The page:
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First published in 1930, Seven Types of Ambiguity has long been recognized as a landmark in the history of English literary criticism.
Revised twice since it first appeared, it has remained one of the most widely read and quoted works of literary analysis. Ambiguity, according to Empson, includes "any verbal nuance, however slight, which gives room for alternative reactions to the same piece of language." From this definition, broad enough by his own admission sometimes to see "stretched absurdly far," he launches into a brilliant discussion, under seven classifications of differing complexity and depth, of such works, among others, as Shakespeare's plays and the poetry of Chaucer, Donne, Marvell, Pope, Wordsworth, Gerard Manley Hopkins, and T. S. Eliot.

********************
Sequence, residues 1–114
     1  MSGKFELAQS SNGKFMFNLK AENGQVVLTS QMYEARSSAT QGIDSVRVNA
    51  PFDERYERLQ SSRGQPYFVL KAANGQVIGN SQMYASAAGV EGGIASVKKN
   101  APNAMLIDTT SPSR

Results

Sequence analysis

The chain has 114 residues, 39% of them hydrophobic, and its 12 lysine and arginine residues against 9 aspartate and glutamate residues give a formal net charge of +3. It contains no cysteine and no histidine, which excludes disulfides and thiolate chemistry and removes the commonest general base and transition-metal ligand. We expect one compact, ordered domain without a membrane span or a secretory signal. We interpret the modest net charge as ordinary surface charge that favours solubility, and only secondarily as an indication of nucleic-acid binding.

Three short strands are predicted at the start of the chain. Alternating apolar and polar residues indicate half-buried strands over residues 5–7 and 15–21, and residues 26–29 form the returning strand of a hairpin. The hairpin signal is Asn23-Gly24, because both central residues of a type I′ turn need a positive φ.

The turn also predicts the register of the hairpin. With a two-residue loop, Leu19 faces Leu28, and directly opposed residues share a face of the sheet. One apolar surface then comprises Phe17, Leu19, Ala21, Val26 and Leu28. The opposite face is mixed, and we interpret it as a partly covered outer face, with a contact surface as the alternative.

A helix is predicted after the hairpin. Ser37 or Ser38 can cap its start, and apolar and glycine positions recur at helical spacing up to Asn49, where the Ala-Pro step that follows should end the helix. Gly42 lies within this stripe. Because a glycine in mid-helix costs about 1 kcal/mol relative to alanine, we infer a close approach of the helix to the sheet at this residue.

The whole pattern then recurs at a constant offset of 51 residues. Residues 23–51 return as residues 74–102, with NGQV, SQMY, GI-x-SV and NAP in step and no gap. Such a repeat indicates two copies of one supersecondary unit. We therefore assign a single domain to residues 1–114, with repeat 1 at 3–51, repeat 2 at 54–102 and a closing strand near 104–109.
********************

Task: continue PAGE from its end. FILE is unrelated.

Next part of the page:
About the Author
William Empson was a 20th century English literary critic and writer.
...a brilliant poet-critic, equally gifted in both departments.
— New York Times Book Review